By Paul Carrel
BERLIN (Reuters) - German Chancellor Angela Merkel failed on Sunday to fully resolve differences within her ruling coalition over how to deal with the huge refugee influx, leaving open a row that has rocked her government.
Government spokesman Steffen Seibert described talks between the three party leaders as "constructive", but said they would meet again on Thursday. German media had billed Sunday's meeting as a crisis summit.
Germany, Europe's biggest economy and long a magnet for migrants, expects between 800,000 and a million asylum seekers to arrive this year, twice as many as in any previous year, and far more than in any other European Union country.
The influx has opened up divisions within the coalition, with the Bavarian sister party of Merkel's conservative Christian Democrats (CDU) demanding tougher action that many in the third ruling party, the Social Democrats (SPD), oppose.
"There is a lot of common ground and some points that remain open and still to be settled," Steffen said, adding that these included the idea of introducing so-called "transit zones" at border crossings to process asylum requests.
Looking glum, SPD leader Sigmar Gabriel left the chancellery after the 2-hour meeting with Merkel and Horst Seehofer, leader of the Bavarian Christian Social Union (CSU).
Merkel and Seehofer stayed on and aligned their positions but must now get the SPD on board. Conservative officials welcomed the progress between the CDU and CSU, whose diverging views had ramped up tensions within the ruling coalition.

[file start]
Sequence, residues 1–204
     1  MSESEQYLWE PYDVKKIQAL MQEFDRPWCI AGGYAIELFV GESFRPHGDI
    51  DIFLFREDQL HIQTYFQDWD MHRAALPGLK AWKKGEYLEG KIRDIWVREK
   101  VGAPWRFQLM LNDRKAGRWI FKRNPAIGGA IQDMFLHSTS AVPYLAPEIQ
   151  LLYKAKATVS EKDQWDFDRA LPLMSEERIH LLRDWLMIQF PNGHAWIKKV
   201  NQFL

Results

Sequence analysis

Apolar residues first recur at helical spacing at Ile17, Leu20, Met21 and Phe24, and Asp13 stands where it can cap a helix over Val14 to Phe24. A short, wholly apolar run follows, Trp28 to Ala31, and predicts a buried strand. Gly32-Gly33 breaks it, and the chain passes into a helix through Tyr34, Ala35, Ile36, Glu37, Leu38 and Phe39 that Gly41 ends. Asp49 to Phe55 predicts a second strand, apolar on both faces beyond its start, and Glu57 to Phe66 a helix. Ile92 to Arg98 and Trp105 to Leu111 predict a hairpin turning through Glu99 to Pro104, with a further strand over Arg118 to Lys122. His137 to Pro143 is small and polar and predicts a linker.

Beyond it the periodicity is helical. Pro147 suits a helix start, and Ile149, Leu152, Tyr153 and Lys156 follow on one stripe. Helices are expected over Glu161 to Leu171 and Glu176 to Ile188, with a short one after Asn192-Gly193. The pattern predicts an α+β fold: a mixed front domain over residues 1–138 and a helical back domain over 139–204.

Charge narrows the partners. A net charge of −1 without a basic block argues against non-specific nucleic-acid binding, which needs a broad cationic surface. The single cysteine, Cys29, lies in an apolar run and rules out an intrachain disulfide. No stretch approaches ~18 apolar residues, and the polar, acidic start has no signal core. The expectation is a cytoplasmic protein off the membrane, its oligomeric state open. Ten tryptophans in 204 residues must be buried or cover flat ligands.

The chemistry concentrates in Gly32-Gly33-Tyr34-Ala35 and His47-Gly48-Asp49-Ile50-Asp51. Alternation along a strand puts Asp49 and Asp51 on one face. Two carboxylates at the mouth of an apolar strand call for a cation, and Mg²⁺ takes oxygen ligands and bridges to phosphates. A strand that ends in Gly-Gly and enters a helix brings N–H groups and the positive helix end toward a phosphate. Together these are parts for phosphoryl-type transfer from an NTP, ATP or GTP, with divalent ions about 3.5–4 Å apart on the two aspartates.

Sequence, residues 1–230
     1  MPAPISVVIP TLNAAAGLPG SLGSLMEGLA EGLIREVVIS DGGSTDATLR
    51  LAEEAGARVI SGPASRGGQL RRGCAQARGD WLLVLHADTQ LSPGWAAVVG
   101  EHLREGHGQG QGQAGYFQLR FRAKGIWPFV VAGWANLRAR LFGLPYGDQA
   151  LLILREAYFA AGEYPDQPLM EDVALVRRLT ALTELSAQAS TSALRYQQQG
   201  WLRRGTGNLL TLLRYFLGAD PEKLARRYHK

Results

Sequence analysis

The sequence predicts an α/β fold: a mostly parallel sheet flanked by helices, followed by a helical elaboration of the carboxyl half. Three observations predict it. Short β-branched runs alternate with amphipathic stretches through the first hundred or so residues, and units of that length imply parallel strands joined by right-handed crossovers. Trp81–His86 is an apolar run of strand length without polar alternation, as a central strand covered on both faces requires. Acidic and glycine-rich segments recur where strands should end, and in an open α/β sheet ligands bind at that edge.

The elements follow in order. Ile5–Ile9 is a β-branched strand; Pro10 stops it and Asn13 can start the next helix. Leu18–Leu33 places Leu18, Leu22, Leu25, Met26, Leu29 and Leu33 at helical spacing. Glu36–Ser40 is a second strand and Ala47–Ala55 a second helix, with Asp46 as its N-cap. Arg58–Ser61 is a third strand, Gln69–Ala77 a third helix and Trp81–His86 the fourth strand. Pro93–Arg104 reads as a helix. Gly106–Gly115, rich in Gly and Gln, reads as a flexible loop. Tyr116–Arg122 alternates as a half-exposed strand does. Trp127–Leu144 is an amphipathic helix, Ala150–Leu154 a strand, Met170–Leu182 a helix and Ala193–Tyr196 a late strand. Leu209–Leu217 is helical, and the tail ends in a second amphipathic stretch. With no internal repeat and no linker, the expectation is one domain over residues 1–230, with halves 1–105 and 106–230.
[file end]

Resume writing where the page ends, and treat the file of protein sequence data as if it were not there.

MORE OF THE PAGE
Bavaria is bearing the brunt of the refugee arrivals and Seehofer is under intense pressure in his state to press the federal government to stem the tide of people from war- and poverty-stricken areas of the Middle East, Asia and Africa.
As well as agreeing on the swift introduction of transit zones, the conservative allies floated plans to restrict the right of some migrants to have their families follow them to Germany, and called for joint German-Austrian police patrols along the border with Austria.
Deputy Finance Minister Jens Spahn, a conservative, told Reuters that no society could in the long-run cope with 10,000 people arriving a day without controls, and praised the CDU/CSU accord on transit zones and cooperation with Austria.
"So, dear SPD, let's do it. Quickly," he added, pressing Gabriel's party to back their plans at Thursday's meeting.
However, some SPD members have said they would not agree to the transit zones. The conservatives have had to deny that such centers would resemble concentration camps.
Infighting between the CDU and CSU has hurt their standing. Seehofer had issued a series of ultimatums to Merkel in recent weeks, including a threat to take the government to court over its policies on migrants, only to back down at the last minute.
A weekly survey by pollster Emnid put support for the CDU/CSU steady at 36 percent, but still far below the 43 percent they enjoyed as recently as August.
Gabriel's SPD fell 1 percentage point to 25 percent, the poll showed. The right-wing Alternative for Germany (AfD) party gained one point to 8 percent.
Gabriel said last month that Germany must win over skeptics or else risk "planting social explosives in our nation", and Germany's police chief has said the uncontrolled influx poses a domestic security threat.
(Additional reporting by Andreas Rinke; Editing by Victoria Bryan and Alison Williams)